Markets

Marylebone Market  A nice Sunday organic market just off Marylebone High Street at Moxon Street. I used to walk there every weekend to get provisions. Off the southeast end of the parking lot on Moxon Street are La Fromagerie, an excellent cheese and food shop, and The Ginger Pig, a famous, friendly, Yorkshire-based butcher shop that dominates the London scene with terrific meat. At La Fromagerie, say hello to manager Sarah Bilney; she’s a gem.

 

Borough Market  A super busy Fri/Saturday market that has become more tourist stop than market, but there are a couple of places along its perimeter that are worth a stop, if you’re in the hood: Monmouth Coffee (best in London, inspired Blue Bottle, Four Barrel, Stumptown, and the rest of the current generation of single varietal, shade grown, fair trade, etc., etc., coffee places) and Neal’s Yard Dairy, which needs no introduction. Within the market, Brindisa is a good shop that brings in Spanish Products and has a couple of cafés around town. There’s a super popular seafood place called The Wright Brothers’ Oyster House, which makes really good food, if you can get in (Saturday, forget it!). Don’t go to the Soho location.

 

Columbia Market Another East London market, Sundays, lots fo flowers but other good stuff, too.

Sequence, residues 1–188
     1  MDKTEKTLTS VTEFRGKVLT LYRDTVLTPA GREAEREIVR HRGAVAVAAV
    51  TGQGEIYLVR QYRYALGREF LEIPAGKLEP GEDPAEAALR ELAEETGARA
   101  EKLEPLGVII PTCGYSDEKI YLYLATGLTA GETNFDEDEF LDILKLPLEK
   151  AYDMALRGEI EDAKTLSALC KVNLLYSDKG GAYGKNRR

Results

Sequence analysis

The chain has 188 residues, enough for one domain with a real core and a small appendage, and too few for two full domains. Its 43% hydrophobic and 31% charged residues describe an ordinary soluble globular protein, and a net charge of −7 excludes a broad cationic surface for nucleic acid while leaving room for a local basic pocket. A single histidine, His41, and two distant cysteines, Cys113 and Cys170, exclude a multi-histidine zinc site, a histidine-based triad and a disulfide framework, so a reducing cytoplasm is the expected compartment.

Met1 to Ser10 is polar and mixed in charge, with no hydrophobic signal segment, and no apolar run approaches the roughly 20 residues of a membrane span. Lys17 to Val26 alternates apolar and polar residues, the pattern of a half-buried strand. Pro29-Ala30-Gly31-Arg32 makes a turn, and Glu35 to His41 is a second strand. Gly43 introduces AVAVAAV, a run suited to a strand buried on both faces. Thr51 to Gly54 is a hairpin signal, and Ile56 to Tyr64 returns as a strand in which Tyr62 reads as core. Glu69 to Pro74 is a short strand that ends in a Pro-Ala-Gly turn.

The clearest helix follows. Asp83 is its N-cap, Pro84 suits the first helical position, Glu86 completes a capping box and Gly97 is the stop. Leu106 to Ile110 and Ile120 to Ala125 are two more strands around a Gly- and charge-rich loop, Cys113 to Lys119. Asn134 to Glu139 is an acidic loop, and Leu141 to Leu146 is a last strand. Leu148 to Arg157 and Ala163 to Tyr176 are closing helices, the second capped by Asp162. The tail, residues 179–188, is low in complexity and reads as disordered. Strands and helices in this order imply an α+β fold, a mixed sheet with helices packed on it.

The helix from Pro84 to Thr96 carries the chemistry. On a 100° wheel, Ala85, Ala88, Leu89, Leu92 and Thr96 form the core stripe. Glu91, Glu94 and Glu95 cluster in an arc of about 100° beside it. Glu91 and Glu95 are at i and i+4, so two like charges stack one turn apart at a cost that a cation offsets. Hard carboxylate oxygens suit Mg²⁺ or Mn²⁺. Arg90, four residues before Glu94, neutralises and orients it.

Maltby Street Market The après-cool shops are here. Claire Ptak (see below) and a few Borough Market expats have moved there. A brewer of craft beer, a misleading but good cheese they disingenuously call Raclette, which it is not, Monmouth again, a sausage and ham guy. Bermondsey, where it’s located, is the new “it” place. However, there’s some good there.

 

Shops

Postcard Teas an ethereal, dreamy, thin-air kind of place, very special, in Mayfair. Def worth a visit.  

Apple Store Covent Garden WOW!!! Very interesting architecturally, and worth a peek if you’re in the neighborhood…

I still like the tiny, very sparse, very French Poilâne bakery on Elizabeth Street (near Sloane Square) even though… désolé, ce n’est-pas Paris. The levain was the definitive naturally fermented loaf in Paris for a long time. Acme’s levain was modelled on it. It is still very good, but for me doesn’t have the amazing force it once had.

 

Melrose and Morgan

A very nice, very green shop in Primrose Hill, above Regent’s Park specializing in prepared foods, on the way to Camden Town, along Regent’s Canal. Mos def worth a visit to see how well it’s done. Good food, and quality products, too.

 

Ottolenghi

Good food in 4 very popular shops, the best of which is the Notting Hill location on Ledbury Road. Desserts look brilliant and are quite good; displays are spectacular in general. NO PHOTOS!

 

Tavola

A charming, warm shop on Westbourne Grove owned and run run by an equally charming and warm man named Alistar Little. The food is quite delicious and beautifully presented on a central farm table. It’s usually fresh from the oven. Please say hello. No website, alas.